Tiny Houses


Tiny Houses

It could be the eggnog, the ungodly amount of sparkly tinsel or the fruitcake and pannetone, but whatever the case, we can’t help but feel a bit queasy and overwhelmed this holiday season. There’s just so. much. stuff. While you’re wading through masses of anonymous shoppers in the next few days we know you’ll know exactly what we mean.

And while a splurge and binge here and there probably keeps us all sane (and employed), the state of the world today calls for some radical reconsiderations and even more radical behaviour shifts. Maybe even a healthy dose of sobriety. Considerations of looming population explosions and climate change and finite natural resources can do the head in, but in practice, answers lie in well-measured alterations of our own behaviour. Real solutions often come disguised in the simplest, most elegant packages.

Enter the tiny house, pioneered by the accidental visionary, Jay Schafer, founder of Tumbleweed Tiny House Company. From the yurt to the Airstream, it seems we’ve always had an oblique fascination with tidy glove-tight dwellings, but these are meant as far more than simple shacks or ramshackle mobile outposts as they ideally offer all of the creature comforts of a traditional home without the possibility of hoarding – 6 to 77 square meters (65 to 835 square feet)! This is living essentially, not poorly, and the vanguard of this mini movement (no pun intended) is picking up steam. And while in its more semiotically safe incarnations, its shape and scale may cause snickers about its eerie similarity to the particle board dwelling your father nailed together for you as a child, just imagine your playhouse decked out with Sub Zero appliances, a few choice artworks and some fancy furniture, and the misconception vanishes. As BMW’s ingenious MINI and its numerous copycat pretenders have taught us, quality and size most definitely aren’t doomed to an inextricable inverse relationship. The key, as always, is skilful execution and considerate design.

Urban housing considerations are altogether different than the quarter-acre grid and cul-de-sac standard of suburban America, yes. And it would be sheer folly to expect millions of well-heeled, eco-aware urbanites to abandon their comfortable flats and townhouses for tiny, decked out pods, yet these almost revolutionary reconsiderations of space should provide a valuable impetus for the future of home design in general. While the Japanese have been the masters of modularity and efficiency since pretty much forever, those lessons in efficiency mostly just translated into an ability to amass more junk in less space. These pint-sized paradigm benders from the land of the Big Mac and Hummer offer up a refreshing change of emphasis. In an out with the baby and the bathwater scenario, if even the McMansion can be reconsidered, imagine what a true rethink of urban dwellings could amount to! And who wouldn’t love to live in one of these on the leafy green roof of an LA skyscraper or London warehouse?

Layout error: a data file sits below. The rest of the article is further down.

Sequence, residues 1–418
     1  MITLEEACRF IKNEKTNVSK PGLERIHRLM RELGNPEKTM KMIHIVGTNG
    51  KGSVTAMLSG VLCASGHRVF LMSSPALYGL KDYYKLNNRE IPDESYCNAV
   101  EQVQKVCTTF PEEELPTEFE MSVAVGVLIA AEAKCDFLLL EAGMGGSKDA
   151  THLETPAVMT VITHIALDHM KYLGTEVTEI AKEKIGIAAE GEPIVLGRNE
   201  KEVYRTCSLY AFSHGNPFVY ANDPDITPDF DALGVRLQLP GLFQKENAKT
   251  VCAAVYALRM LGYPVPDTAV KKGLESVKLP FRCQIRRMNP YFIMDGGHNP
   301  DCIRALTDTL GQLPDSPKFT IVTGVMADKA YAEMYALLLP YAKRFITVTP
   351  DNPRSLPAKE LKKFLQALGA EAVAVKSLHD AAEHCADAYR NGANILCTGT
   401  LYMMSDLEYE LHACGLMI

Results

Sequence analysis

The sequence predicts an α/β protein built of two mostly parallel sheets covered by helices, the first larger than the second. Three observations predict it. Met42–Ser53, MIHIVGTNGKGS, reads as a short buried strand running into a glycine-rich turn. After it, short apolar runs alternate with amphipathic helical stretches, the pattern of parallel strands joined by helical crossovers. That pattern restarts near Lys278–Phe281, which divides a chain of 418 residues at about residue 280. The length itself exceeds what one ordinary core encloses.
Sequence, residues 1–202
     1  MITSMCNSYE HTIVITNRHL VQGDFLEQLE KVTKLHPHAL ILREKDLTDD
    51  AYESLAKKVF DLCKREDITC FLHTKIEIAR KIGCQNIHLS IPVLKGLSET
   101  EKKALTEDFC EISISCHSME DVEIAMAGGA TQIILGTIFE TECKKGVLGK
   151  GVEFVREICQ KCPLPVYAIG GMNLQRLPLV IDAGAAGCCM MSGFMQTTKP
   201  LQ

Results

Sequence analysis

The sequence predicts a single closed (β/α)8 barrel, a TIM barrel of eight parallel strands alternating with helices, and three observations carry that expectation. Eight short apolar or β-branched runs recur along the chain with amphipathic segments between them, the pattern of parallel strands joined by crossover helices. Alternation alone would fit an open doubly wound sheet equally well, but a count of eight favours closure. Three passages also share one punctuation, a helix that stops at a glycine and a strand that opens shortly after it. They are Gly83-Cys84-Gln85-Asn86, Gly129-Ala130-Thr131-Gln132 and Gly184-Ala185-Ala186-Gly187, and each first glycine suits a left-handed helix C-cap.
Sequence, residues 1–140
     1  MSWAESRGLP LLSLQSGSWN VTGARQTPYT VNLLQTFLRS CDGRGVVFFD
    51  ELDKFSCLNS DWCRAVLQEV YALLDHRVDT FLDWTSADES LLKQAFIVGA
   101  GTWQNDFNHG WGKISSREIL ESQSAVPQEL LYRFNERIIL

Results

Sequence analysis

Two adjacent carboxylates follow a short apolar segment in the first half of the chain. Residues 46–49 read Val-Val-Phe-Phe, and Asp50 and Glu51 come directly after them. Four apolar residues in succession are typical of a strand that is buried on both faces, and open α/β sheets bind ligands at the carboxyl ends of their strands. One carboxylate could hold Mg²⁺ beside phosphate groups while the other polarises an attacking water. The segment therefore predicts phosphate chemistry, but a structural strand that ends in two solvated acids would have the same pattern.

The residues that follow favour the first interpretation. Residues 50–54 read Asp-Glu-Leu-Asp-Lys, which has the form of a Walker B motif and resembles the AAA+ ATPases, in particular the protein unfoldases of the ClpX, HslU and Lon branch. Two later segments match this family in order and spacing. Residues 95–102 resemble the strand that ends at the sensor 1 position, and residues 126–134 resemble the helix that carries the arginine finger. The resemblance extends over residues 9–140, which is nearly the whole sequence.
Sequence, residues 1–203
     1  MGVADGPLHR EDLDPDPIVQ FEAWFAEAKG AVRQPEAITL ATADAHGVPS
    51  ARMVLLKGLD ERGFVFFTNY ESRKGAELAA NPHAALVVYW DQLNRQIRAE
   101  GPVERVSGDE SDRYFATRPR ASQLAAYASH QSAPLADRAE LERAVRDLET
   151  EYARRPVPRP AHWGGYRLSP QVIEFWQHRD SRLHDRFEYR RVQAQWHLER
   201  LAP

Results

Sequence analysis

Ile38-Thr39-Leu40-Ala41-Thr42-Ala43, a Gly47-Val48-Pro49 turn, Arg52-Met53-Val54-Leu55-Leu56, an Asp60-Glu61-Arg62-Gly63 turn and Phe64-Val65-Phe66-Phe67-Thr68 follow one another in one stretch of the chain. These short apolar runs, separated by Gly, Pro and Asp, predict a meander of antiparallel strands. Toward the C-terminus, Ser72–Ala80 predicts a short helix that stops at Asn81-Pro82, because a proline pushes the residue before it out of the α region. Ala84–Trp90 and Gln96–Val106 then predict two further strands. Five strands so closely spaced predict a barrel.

The cherry on the sundae, furthermore, is that instead of being off-the-shelf kits for Ikea easy 1-2-3 construction, you have to build your own. Tumbleweed is based on a model of education and facilitation, providing expertise, plans and workshops to encourage creative execution of one’s own mini-mansion. The result is an infinitely customisable, open ended, bespoke creation. All probably without mortgage payments, endless metres of floor to clean or negligible maintenance and utility costs.

Text and Image Tag Christof, additional images courtesy Tumbleweed Tiny Houses.